Thursday, February 4, 2010

Silence of single-payer option falls on deaf ears in California

Single payer.

Amid all the recent health reform chatter, those are words we haven’t heard much lately. At this point in the reform journey, most people have gotten an earful about the pros and cons of a single-payer system. They’ve heard and accepted the message that it’s not an option.

But, you know, some people have selective hearing. That appears to be the case for some California state senators. On January 28, 2010, the California Senate, by a vote of 22-14, passed a bill (SB 810) that would create a single-payer health insurance system in California.

According to the bill’s sponsor, Senator Mark Leno (D-San Francisco), The California Universal Health Care Act “creates a private-public partnership to provide every California resident medical, dental, vision, hospitalization and prescription drug benefits and allows patients to choose their own doctors and hospitals. This ‘Medicare for All’ type of program works by pooling together the money that government, employers and individuals already spend on health care and putting it to better use by cutting out the for-profit middle man.”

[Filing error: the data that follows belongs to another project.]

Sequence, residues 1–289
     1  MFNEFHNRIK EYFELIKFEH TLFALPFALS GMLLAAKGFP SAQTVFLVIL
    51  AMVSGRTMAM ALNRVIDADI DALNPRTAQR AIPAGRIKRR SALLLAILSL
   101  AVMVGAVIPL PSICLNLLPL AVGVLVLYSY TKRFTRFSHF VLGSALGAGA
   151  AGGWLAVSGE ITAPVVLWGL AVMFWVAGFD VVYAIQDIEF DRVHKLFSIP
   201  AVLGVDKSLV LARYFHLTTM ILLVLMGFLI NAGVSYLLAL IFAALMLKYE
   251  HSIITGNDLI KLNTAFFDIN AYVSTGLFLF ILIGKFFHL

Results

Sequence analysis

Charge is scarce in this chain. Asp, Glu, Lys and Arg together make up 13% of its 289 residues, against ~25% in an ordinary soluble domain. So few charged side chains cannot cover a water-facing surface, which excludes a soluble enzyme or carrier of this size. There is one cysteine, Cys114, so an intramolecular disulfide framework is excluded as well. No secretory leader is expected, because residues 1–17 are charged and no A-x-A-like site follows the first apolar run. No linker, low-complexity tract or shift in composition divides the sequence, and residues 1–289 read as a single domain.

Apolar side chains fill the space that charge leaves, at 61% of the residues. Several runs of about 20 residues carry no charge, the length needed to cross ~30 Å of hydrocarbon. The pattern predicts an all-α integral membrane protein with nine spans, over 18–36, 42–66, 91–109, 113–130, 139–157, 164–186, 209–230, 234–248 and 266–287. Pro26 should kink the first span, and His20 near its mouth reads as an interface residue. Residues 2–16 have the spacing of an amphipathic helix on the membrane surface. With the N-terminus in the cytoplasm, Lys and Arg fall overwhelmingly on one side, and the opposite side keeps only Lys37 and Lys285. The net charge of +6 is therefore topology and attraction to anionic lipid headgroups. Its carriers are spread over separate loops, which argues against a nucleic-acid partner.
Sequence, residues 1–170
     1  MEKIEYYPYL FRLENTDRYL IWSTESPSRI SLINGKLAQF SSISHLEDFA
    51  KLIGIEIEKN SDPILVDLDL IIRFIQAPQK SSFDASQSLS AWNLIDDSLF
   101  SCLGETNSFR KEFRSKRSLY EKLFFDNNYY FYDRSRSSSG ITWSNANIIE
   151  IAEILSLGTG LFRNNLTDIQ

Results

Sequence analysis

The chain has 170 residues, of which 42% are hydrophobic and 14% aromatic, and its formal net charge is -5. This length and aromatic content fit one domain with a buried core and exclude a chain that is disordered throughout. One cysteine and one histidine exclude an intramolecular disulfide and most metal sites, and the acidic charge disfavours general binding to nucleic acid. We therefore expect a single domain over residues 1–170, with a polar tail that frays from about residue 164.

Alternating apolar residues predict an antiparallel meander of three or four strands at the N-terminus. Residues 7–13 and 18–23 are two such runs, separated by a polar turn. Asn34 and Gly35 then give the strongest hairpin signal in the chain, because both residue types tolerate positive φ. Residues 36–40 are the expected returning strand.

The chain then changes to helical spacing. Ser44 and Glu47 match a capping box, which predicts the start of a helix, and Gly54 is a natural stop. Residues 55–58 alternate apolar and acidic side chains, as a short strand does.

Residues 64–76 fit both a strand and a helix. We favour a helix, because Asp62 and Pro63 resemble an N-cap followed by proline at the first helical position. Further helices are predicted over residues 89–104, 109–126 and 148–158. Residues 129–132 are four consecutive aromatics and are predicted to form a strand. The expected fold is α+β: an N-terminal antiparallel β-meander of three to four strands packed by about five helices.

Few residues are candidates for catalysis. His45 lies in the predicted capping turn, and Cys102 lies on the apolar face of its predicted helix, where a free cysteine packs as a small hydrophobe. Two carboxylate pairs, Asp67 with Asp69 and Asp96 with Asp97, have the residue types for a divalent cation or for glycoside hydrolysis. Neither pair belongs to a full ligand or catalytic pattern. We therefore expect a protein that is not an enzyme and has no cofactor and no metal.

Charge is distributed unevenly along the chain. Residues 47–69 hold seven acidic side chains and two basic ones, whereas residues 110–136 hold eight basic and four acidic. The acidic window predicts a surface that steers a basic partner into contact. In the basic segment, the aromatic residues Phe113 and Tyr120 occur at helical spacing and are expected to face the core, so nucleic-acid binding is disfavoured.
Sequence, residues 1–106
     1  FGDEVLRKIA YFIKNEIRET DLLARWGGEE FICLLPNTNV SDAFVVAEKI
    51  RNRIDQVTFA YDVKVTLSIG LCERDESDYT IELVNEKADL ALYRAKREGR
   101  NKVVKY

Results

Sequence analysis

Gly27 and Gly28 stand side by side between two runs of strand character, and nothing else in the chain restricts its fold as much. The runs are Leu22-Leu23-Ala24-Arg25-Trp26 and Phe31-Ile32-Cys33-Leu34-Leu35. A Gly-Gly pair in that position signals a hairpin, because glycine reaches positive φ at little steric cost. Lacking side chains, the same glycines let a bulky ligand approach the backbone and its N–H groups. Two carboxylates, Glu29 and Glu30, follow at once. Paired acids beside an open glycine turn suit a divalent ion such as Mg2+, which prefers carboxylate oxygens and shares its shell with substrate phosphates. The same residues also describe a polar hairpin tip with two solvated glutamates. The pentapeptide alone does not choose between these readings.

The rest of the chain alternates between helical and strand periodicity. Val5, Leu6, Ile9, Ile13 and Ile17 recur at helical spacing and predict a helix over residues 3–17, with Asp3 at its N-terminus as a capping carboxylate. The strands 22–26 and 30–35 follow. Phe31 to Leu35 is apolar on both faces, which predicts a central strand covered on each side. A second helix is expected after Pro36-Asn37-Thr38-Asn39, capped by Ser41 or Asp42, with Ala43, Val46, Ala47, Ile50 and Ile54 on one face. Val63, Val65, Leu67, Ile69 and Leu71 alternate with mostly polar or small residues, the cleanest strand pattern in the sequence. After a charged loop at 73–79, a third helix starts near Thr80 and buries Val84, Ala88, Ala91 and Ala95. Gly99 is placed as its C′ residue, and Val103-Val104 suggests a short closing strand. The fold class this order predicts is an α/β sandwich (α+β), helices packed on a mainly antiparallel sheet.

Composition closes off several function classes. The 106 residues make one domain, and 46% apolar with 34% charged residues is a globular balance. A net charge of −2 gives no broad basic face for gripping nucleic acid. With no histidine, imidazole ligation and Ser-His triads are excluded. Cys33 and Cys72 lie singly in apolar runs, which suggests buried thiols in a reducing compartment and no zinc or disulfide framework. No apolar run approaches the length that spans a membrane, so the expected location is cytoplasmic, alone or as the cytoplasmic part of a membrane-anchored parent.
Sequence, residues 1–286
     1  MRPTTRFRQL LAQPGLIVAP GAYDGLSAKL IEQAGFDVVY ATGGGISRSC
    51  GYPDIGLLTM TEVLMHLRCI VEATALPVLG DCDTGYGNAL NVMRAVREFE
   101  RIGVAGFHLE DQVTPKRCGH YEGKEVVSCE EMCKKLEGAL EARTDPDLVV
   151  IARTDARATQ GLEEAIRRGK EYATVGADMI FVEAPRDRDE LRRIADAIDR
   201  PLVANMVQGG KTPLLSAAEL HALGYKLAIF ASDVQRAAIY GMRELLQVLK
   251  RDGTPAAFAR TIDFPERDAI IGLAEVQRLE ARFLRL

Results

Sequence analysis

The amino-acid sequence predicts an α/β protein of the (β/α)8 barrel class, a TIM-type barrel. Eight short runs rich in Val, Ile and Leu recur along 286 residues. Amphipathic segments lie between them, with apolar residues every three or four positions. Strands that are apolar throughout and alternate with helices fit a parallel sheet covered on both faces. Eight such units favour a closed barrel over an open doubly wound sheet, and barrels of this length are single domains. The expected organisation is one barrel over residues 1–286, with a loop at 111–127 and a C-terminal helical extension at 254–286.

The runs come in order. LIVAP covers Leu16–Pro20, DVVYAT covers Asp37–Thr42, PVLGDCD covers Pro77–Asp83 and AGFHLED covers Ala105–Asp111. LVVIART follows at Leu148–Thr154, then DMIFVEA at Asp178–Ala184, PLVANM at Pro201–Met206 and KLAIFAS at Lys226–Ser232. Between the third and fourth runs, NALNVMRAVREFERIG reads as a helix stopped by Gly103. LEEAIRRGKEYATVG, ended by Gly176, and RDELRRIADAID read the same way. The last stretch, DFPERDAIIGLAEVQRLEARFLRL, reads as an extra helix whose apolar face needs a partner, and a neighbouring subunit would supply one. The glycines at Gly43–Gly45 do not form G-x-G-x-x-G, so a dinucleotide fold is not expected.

Senator Leno says that the bill “creates no new spending, and in fact, studies show that the state would save $8 billion in the first year under this single-payer health care plan.”

Governor Arnold Schwarzenegger has indicated he would veto the bill. In 2008, the governor vetoed a similar bill (SB 840).


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